Lenten Daily Prayers: The Third Week

I’ve been searching on the internet for some good photos that display real people in a position of active repentance, and that’s been one of the hardest things in the world to find. One of two things usually appears in looking around; either some semi-porn picture that some idiot who thought they were witty named “repent” or “confess,” or a really really cheesy pseudo-Christian-subculture picture like this:

girl

I usually have too much self-respect to show pictures like that (emphasis on usually). I found a picture on Saturday, however, that really captures penitence for me, so I’ll show it as a visual example to enhance the sense of desperation and crying out that is intended to accompany the season of Lent.

anguish

The Call to Prayer
Open my lips, O Lord, and my mouth will proclaim your praise.Had you desired it, I would have offered sacrifice,but you take no delight in burnt offerings.The sacrifice of God is a troubled spirit,and a broken and contrite heart, O God, you will not despise.
(Psalm 51:16-18)

The Cry of the Church
Lord, have mercy on us.
Christ, have mercy on us.
Lord, have mercy on us.

Morning (observed on the hour or half hour between 6 and 9 a.m.)
Lord God, almighty and everlasting Father, you have brought me safely to this new day: Preserve me with your mighty power, that I may not fall into sin, nor be overcome by adversity; and in all I do direct me to the fulfilling of your purpose, through Jesus Christ my Lord. Amen.

Prayer for the Week
Most loving Father, whose will it is for us to give thanks for all things, to fear nothing but the loss of you, and to cast all our care on you who cares for us: Preserve me from faithless fears and worldly anxieties, that no struggles of this mortal life will hide from me the light of your love that transcends death, and which you have shown to us in your Son Jesus Christ our Lord; who lives and reigns with you, in the unity of the Holy Spirit, one God, now and for ever. Amen.

The Lord’s Prayer

Midday (observed on the hour or half hour between 11 am and 2 pm
I will give thanks to the Lord with my whole heart,
in the assembly of the upright, in the congregation.
Great are the deeds of the Lord!
They are studied by all who delight in them.
His work is full of majesty and splendor,
and his righteousness endures forever.
He makes his marvelous works to be remembered;
the Lord is gracious and full of compassion.
The works of his hands are faithfulness and justice;
all his commandments are sure.
They stand fast for ever and ever,
because they are done in truth and equity.
He sent redemption to his people;
he commanded his covenant for ever, holy and awesome is his Name.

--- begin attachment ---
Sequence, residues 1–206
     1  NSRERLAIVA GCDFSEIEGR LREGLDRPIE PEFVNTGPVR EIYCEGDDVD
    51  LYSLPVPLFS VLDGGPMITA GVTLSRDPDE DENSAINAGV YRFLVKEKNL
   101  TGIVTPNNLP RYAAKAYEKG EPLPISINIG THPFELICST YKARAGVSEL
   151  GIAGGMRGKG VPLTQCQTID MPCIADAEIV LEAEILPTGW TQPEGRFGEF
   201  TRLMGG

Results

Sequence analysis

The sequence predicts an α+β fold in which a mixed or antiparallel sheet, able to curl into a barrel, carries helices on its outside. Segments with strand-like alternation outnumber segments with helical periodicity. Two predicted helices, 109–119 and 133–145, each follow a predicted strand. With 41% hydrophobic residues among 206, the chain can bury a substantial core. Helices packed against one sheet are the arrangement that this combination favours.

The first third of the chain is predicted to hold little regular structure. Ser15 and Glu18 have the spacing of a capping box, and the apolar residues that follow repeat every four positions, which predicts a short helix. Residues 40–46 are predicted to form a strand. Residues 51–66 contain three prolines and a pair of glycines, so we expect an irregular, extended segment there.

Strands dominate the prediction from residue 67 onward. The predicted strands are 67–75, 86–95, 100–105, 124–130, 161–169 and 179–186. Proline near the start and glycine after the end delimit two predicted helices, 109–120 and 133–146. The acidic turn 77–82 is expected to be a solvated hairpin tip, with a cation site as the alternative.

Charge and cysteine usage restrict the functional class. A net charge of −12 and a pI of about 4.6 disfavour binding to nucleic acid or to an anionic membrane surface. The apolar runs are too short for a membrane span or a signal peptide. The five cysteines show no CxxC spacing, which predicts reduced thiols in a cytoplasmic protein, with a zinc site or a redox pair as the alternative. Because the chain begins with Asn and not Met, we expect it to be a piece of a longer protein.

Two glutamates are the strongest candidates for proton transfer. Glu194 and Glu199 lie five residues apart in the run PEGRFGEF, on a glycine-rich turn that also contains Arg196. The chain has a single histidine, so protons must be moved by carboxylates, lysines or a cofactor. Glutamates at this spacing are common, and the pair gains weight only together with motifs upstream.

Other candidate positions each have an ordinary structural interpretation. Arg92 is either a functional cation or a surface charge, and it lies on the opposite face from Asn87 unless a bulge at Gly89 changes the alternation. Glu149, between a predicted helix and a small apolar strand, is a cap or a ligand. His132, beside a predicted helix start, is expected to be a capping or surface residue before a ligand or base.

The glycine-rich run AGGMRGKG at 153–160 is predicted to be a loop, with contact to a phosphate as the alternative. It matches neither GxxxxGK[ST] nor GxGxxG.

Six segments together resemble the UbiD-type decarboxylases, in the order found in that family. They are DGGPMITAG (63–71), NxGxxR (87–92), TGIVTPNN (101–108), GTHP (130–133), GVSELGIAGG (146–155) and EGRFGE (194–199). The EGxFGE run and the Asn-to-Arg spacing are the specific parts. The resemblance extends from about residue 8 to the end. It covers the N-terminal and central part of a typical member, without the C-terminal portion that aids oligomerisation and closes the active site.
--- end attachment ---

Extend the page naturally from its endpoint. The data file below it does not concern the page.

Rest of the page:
Psalm 111:1-4, 7-9

Prayer for the Week (repeat from morning)

The Lord’s Prayer

Evening (observed on the hour or half hour between 5 and 8 pm)O gracious Light,
pure brightness of the everlasting Father in heaven,
O Jesus Christ, holy and blessed!
Now as we come to the setting of the sun,
and our eyes behold the evening light,
we sing your praises O God: Father, Son, and Holy Spirit.
You are worthy at all times to be praised by happy voices,
O Son of God, O giver of life,
and to be glorified through all the worlds.

Phos Hilaron (earliest known Christian hymn recorded outside the Bible)

Prayer for the Week (repeat from morning)

The Lord’s Prayer

In case you’re thinking right now, after all these prayers, that this is ridiculous and redundant and stupid to do because “Jesus set us free to just have faith,” (I’ve certainly felt that before), I’d direct you to further wisdom from Phyllis Tickle, something to submit to;

“A wise rabbi once told me that it is not how many prayers we don’t say that matters to God, but rather how many we do. That is important for all of us, but especially for beginners. If this is your first attempt to return to the most ancient of Christian practices, it is wise to remember that you are entering into a discipline and that, like all disciplines, this one sits hard and heavy upon one at times. There are hours you will miss and/or some that you can’t even begin to figure out how to observe. That is all right, for either the joy will carry you into greater joy and turn the discipline into privilege, or you will find yourself simply the wiser and richer for such experience as you have had. As the rabbi said, that is what matters ultimately.”

Or, as the also-wise Richard Foster teaches,

“‘Prayer changes things,’ people say. It also changes us. That latter goal is the more imperative. The primary purpose of prayer is to bring us into such a life of communion with the Father that, by the power of the Spirit, we are increasingly transformed to the image of the Son.”

May you be enriched by the discipline of fixed prayer.

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